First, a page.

College of Plant Protection and Key Laboratory of Integrated Management of Crop Diseases and Pests, Ministry of Education, Nanjing Agricultural University, Nanjing 210095, China
Shanghai Agricultural Technology Extension and Service Center; Shanghai 201103, China
College of Plant Protection and Key Laboratory of Integrated Management of Crop Diseases and Pests, Ministry of Education, Nanjing Agricultural University, Nanjing 210095, China and National Engineering Research Center For Cucurbits, Changji 831100, China
Bacterial fruit blotch (BFB) is a devastating disease caused by Acidovorax citrulli, which was first observed in the United States in 1988 (3). A. citrulli can cause severe infection on a wide range of cucurbits, including watermelon, cantaloupe, and pumpkin. Cotyledon symptoms are brown, angular, necrotic spots or large necrotic lesions. The disease is seedborne, so seeds usually serve as the primary inoculum source for BFB outbreaks (2). In July 2012, seedling blight was observed by local farmers from Anhui province in China on watermelon seedlings grafted to pumpkin rootstocks; lesions were morphologically similar to those caused by A. citrulli. Presence of A. citrulli was detected in symptomatic samples by using species-specific primers BX-L1/BX-S-R2 (1). The seed company claimed seeds of watermelon (cv. Changfeng) were certified free of bacterial fruit blotch, but pumpkin seeds (cv. Kangkuxianfeng-1) had not been tested for A. citrulli. For investigating the inoculum source, the remaining seeds of watermelon (cv. Changfeng) and pumpkin (cv. Kangkuxianfeng-1) for seedling production were collected from the farmer and processed for pathogen extraction as described by Walcott and Gitaitis (2). Two microliters of seed wash was used as template for PCR using primers BX-L1/BX-S-R2 (1). The experiment was conducted three times. A 279-bp DNA fragment was consistently amplified by PCR from seed wash of pumpkin seeds, but not from the seed wash of watermelon seeds. Three Acidovorax-like strains (A1, A2, and A3) were isolated from pumpkin seed wash using TWZ semi-selective medium (0.5% peptone, 0.025% CaCl2, 1% Tween-80, 50 mg/liter berberine, 50 mg/liter cycloheximide, 50 mg/liter 2,3,5-triphenyltetrazolium chloride). PCR was performed on the 16S rDNA gene from isolate strain A1, A2, and A3 (1,492 bp; GenBank Accession Nos. JX875533, JX875534, and JX875535) with primers rp1/fd2 (4), and PCR products were sequenced. Results of sequence analysis showed the sequences of strains A1, A2, and A3 were 99% identical to that of the type strain of A. citrulli AAC00-1 (NC_008752). Pathogencity was confirmed by injection of pumpkin cotyledons with bacterial suspensions of each isolate. Collected pumpkin seeds (n = 100 seeds) and watermelon seeds (n = 100 seeds) were planted in plastic pots containing sterilized field soil at room temperature to detect A. citrulli by a wet chamber growing out test. Eight days later, brown, angular, necrotic spots or wilt developed in pumpkin seedlings, but no symptoms were noted on the watermelon seedlings. To our knowledge, this is the first report of A. citrulli causing watermelon seedling blight transmitted from pumpkin seeds by grafting in China.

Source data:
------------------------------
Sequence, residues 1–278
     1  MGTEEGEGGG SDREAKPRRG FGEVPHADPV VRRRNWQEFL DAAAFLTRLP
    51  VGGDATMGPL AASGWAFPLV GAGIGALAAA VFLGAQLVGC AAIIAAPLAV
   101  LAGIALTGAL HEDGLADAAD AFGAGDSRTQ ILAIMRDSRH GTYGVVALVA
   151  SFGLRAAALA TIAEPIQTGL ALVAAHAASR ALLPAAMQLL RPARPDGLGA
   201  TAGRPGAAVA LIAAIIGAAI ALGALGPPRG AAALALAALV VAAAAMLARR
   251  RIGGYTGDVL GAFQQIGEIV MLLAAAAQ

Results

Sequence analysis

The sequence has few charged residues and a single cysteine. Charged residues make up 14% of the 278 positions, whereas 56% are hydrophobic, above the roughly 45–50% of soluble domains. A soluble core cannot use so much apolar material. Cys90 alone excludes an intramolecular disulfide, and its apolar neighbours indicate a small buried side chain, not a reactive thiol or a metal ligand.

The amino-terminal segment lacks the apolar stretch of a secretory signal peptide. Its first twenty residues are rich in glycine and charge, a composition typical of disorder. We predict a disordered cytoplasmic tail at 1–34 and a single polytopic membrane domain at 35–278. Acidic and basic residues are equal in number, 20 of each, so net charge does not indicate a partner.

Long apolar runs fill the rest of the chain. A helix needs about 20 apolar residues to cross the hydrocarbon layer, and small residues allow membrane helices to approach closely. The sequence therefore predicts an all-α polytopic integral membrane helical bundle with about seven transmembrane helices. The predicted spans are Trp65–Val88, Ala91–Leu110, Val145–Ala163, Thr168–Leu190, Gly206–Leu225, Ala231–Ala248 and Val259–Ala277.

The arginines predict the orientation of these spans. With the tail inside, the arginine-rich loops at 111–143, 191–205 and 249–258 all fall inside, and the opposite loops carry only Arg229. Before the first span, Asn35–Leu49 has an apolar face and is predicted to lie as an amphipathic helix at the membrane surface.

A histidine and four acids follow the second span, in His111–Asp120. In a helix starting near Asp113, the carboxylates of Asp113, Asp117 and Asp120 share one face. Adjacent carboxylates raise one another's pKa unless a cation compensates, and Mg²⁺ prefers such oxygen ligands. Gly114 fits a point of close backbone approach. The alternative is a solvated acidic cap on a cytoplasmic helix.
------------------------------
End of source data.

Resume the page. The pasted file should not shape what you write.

References: (1) O. Bahar et al. Plant Pathol. 57:754, 2008. (2) R. R. Walcott and R. D. Gitaitis. Plant Dis. 84:470, 2000. (3) G. C. Wall et al. Phytopathology 78:1605, 1988. (4) W. G. Weisburg et al. J. Bacteriol. 173:697, 1991.